I love cooking, but I don’t like spending a lot of time doing it. Delicious meals with real, simple ingredients are my favorite. After buying tomatoes from a farmer’s market for a salsa and having some leftover, I read that drizzling them with brown butter is an amazing way to serve them. I’m a brown butter fanatic, so I had to try. I also had chicken breasts and butternut squash, so I made a cheap meal. You’ll note there aren’t a lot of specific measurements; the recipe makes enough for two, and then you just eyeball the seasonings. Here’s how it all went down:
Two 4-ounce chicken breasts
One butternut squash
Two fresh tomatoes
¾ cup butter
Fill a bowl large enough for your chicken breasts with lukewarm water.
Add salt and stir until dissolved.
Add two 4-ounce breasts of thawed (or fresh) chicken, so they’re both submerged.
Cover and brine in the fridge for two hours or so. You can brine overnight if you want.
About 15 minutes before you’re ready to cook the chicken, prepare squash.
Peel and cut into cubes carefully using a very sharp knife.
Toss with a little oil, salt, and pepper.
Spread on a baking sheet.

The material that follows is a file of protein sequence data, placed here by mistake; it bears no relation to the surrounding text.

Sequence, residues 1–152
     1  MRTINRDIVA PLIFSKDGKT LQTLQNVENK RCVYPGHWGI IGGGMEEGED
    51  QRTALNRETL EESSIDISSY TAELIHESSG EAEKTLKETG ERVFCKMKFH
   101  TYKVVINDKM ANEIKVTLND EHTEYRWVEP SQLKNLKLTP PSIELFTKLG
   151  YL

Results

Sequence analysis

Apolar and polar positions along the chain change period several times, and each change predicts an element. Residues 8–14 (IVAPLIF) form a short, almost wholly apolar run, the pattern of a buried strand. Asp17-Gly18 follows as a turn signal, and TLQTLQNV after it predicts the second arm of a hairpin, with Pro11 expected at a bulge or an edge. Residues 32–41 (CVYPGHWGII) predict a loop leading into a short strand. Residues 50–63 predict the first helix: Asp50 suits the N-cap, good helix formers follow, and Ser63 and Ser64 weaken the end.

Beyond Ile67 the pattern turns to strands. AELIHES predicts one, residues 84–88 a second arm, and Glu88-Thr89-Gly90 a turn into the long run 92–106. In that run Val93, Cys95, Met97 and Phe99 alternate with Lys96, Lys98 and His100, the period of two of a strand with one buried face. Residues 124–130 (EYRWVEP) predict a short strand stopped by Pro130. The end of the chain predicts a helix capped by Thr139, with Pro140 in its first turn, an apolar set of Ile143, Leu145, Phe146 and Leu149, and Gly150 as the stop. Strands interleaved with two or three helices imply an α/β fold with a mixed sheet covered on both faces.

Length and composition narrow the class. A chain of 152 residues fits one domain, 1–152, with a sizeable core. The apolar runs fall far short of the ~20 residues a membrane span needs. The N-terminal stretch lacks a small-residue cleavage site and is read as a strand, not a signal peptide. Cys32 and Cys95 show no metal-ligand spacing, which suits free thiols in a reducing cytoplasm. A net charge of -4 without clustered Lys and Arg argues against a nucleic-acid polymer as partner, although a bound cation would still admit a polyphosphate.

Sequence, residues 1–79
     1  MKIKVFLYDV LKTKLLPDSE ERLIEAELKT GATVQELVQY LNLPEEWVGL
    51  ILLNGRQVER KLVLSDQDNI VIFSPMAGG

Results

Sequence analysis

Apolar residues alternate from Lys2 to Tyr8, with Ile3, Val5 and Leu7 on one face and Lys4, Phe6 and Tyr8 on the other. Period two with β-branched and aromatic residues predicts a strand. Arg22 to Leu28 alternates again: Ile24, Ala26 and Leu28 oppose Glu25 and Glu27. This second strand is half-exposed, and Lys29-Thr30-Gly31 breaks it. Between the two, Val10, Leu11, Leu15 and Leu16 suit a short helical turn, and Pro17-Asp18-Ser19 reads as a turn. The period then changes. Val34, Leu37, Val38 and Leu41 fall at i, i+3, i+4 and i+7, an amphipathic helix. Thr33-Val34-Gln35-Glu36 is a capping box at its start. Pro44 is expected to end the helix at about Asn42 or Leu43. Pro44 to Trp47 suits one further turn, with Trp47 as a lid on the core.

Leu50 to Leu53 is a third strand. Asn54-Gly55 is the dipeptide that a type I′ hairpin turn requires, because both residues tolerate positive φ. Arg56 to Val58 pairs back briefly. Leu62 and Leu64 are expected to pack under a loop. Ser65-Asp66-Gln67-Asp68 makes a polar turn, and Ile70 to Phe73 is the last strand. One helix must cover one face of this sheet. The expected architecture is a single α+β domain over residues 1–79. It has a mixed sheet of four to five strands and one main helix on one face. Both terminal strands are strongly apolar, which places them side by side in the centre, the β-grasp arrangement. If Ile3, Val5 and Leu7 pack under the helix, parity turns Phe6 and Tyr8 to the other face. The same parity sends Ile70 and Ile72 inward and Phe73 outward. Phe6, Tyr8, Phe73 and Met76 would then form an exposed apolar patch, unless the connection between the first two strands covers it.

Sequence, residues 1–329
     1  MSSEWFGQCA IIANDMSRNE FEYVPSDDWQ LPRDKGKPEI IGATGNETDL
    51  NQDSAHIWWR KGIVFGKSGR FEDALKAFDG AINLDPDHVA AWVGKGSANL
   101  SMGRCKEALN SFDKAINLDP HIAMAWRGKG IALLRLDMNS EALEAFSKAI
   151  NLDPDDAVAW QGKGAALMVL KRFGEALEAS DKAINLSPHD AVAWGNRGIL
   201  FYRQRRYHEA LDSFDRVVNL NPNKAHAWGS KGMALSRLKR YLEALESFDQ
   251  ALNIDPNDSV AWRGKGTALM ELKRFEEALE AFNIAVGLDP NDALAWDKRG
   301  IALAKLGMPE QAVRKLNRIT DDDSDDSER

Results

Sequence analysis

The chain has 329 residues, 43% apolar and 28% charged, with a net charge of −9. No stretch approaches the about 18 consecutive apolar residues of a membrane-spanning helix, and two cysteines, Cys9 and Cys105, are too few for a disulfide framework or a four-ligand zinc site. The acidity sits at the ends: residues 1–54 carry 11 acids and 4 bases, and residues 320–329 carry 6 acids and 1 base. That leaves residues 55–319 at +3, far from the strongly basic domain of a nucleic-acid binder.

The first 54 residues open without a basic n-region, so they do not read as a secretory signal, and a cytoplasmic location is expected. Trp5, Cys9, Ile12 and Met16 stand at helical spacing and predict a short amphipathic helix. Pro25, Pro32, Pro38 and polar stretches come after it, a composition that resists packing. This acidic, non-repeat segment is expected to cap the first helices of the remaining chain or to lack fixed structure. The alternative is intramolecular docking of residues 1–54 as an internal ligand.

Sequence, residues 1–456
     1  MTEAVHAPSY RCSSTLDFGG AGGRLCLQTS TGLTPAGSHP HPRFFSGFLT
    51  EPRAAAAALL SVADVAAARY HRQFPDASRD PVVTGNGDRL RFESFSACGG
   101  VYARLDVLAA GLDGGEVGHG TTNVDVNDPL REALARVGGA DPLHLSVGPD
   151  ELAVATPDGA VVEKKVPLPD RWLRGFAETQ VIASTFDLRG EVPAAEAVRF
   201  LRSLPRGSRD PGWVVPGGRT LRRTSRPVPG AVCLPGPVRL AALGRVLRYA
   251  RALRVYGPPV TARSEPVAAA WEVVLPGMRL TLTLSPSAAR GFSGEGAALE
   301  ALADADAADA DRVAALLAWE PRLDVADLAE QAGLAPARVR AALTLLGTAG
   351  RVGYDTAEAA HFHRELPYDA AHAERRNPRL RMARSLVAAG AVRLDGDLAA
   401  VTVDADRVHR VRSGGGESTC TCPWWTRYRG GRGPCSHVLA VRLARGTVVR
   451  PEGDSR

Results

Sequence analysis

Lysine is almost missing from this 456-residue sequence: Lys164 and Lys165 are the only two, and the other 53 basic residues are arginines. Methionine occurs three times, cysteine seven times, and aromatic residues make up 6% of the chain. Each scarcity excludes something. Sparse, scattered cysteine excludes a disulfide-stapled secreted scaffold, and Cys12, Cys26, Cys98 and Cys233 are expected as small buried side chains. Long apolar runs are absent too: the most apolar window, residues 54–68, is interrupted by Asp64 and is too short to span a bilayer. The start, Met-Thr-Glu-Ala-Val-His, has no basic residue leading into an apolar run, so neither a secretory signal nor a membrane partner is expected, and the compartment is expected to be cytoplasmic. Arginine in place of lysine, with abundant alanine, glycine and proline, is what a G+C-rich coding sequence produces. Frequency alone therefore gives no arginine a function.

Now, rinse off the chicken and pat dry with paper towels.
Drizzle both sides with olive oil and season with salt, black pepper, garlic powder, and paprika.
Put both chicken and butternut squash in a 450-degree oven.
Bake at 450-degrees for 10 minutes, then flip chicken over.
Bake another 5 minutes then check to make sure chicken is at least 165-degrees at its thickest part.
Check butternut squash – it should be tender, but not mushy. It will be a little browned, as well.
While the chicken and squash are baking, time to make the brown butter.
Melt ½-¾ cup of butter in a saucepan and let it bubble.
Once it’s bubbling, it gets brown very quickly, so stir and monitor closely.
When it smells nutty and has turned a lovely dark amber color, remove from the heat.
To prepare the tomatoes, simply wash and slice.
Divide slices between two plates and add chicken breast and butternut squash.
Drizzle brown butter over everything.